In Fifty Shades of Grey, bland and bookish Anastasia Steele gets whisked into the the fantasy world of the handsome and rich Christian Grey only to find he has a particular set of desires he wants her to endure. She naively goes along with it hoping to win his heart. You may have heard of this one, the soft-core book that was originally a work of Twilight fan fiction. Well, now it’s a movie brought to us from Universal and directed by Sam Taylor-Johnson.
This week The Boy Next Door meets Jenny from the Block in this January thriller from Universal Pictures and Blumhouse. Jennifer Lopez plays Claire, a woman who after being cheated on by her husband (John Corbett) is on the mend as her broken family reels from the events. Things are tough for her as her son Kevin (Ian Nelson) grapples with his parents divorce and school where he is relentlessly picked on and her best friend (Kristin Chenoweth) pushes her to get back to the dating scene. When Noah (Ryan Guzman) moves in next door to help his uncle, he becomes a godsend who helps her with her kid and becomes close to her–but like really close to her. A little on the Stacy’s Mom side at first. Don’t worry he’s like twenty and adds into her son’s high school to take her English class for credits toward his diploma. Not weird at all, right?
The holiday movie that has a draw for everyone is Disney’s Christmas release of Into the Woods. It’s Rob Marshall’s (Chicago) adaptation of Sondheim’s broadway gem that showed audiences that happily ever-afters can be trickier than–well what we’ve been led to believe.
So few true story-based films capture a descent percentage of the subject they are capturing. Even if it isn’t a true story, films like Whiplash don’t even come close to the pressures the students feel. So for a film like Foxcatcher to come out, it has to be on point. Bennett Miller’s latest directorial effort is a dark look into the world of the obsession to the a champion and the dangerous lengths some go through to stop being overshadowed by those greater than themselves. That dark and dismal atmosphere that surrounds the film only gets colder and colder as the film progresses. Thanks in part to powerful performances from Channing Tatum and Mark Ruffalo, and a nearly irreconcilable Steve Carell, Foxcatcher is one of the this year’s best.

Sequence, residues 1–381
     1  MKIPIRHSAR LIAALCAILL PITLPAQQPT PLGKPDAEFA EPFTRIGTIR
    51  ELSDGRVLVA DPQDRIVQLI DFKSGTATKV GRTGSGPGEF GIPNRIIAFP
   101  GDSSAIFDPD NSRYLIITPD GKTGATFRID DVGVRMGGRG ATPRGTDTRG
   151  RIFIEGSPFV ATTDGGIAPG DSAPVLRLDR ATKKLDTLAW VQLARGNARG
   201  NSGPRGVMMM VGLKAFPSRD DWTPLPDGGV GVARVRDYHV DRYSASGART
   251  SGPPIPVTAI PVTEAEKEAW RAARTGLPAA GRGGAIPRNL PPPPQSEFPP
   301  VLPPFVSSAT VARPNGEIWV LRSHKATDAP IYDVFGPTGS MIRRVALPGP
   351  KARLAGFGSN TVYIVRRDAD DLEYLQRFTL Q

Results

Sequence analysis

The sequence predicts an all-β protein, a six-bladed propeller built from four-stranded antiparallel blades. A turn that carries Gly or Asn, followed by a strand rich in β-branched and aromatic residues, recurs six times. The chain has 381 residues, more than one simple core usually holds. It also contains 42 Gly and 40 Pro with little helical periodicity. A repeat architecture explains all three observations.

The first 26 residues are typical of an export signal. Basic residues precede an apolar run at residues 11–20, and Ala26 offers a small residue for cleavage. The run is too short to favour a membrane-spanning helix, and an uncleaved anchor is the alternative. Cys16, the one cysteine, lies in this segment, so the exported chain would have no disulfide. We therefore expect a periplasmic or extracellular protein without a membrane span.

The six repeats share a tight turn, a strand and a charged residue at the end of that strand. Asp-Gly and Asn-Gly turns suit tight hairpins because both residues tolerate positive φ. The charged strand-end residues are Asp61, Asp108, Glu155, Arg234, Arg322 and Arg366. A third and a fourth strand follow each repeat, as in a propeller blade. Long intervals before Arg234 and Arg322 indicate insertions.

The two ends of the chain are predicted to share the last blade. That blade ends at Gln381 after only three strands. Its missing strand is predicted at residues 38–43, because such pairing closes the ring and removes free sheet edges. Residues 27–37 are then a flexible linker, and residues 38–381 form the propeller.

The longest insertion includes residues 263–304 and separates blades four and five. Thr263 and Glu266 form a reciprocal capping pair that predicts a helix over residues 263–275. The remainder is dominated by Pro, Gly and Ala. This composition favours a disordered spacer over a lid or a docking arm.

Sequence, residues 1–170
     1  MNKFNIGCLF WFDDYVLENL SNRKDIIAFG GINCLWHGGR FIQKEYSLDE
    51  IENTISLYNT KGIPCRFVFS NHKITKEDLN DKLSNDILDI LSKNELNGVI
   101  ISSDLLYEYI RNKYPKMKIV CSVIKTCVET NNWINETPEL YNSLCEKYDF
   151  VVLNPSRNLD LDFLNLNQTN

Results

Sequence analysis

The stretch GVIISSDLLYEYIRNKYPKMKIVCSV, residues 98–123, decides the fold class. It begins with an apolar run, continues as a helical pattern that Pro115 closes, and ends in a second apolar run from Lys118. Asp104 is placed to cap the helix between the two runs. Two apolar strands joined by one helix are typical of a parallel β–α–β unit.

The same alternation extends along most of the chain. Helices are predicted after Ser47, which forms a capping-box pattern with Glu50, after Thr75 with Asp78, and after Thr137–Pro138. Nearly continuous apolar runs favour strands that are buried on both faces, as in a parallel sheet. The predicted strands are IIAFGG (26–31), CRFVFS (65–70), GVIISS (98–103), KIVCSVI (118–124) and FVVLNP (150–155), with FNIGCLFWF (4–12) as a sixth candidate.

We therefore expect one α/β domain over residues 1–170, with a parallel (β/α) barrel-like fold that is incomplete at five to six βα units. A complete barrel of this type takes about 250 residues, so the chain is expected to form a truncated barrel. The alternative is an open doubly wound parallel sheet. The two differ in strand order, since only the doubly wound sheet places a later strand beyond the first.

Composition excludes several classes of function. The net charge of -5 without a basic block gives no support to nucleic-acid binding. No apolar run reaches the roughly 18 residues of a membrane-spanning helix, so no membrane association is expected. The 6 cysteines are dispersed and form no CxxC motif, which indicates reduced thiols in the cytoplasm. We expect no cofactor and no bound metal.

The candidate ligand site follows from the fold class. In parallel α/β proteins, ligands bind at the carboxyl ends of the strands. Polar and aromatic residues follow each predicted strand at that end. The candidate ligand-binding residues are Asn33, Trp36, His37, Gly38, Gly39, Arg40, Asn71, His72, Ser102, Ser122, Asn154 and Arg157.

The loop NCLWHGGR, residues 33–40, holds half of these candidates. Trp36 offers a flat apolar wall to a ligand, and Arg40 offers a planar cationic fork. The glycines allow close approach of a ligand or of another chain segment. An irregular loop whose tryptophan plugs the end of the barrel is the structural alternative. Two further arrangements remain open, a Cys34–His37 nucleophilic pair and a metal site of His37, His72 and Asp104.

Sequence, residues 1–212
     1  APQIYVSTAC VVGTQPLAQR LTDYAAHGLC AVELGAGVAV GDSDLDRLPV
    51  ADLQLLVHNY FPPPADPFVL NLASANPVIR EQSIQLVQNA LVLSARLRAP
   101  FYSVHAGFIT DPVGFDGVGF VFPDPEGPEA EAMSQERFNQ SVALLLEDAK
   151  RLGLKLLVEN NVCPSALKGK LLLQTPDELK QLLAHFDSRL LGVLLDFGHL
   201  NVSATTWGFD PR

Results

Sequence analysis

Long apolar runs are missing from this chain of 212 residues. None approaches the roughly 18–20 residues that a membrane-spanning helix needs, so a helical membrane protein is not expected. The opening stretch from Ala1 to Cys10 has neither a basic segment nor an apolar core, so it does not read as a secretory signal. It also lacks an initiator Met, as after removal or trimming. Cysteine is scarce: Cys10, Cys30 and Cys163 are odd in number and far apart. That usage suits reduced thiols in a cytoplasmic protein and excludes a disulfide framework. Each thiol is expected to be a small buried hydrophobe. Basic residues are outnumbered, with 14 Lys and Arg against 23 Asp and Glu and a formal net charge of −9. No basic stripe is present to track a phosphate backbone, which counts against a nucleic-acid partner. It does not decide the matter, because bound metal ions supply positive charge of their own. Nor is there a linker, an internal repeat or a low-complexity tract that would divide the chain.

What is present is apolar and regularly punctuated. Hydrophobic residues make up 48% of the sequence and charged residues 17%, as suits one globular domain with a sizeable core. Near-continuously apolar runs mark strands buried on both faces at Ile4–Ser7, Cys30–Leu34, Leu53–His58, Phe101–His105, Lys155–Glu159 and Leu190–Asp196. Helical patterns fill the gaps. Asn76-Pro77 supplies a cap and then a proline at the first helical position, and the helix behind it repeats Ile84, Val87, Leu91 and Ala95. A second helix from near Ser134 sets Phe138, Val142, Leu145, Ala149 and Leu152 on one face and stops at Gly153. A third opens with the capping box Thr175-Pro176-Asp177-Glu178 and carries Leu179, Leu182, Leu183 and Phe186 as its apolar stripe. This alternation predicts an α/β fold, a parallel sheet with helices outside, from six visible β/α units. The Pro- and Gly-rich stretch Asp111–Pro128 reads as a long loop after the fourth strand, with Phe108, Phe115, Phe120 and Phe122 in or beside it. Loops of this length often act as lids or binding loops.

Hit the jump for the full Foxcatcher review. [Read more…]
The original Dumb and Dumber was funny. Simple, but funny. And though the film was released in 1994, the comedy still resonates today. With a comedy as hilarious and successful as Dumb and Dumber, a sequel was bound to happen. But comedy sequels are difficult to write, it needs to keep the humor fresh and the characters interesting while not falling into the trap of repeating itself by using silly nods to the original. And maybe because Dumb and Dumber‘s potty humor – and the fact that I watched it when I was ten – made the film so funny. So we get older and the way film’s approach comedy changes. Unfortunately Dumb and Dumber To didn’t get the memo. The sequel lacks everything that made the first one so hilarious, and soils whatever charm the first one had as well. Hit the jump for the full review of Dumb and Dumber To. [Read more…]
Since Disney acquired Marvel Comics back in 2009, the metaphorical door of what the studio could come up with using the properties from the famed comic book house was endless. But instead of going the obvious route by having an animated adaption of an A-list title like Avengers or whatever property they had the rights to, director Don Hall went with a lesser known title called Big Hero 6. We could have gotten a straight up adaptation of the comic book itself, but we get something else. We get something that we have all be waiting for in these kinds of superhero films, a refreshing take that is not only grounded, but good wholesome entertainment.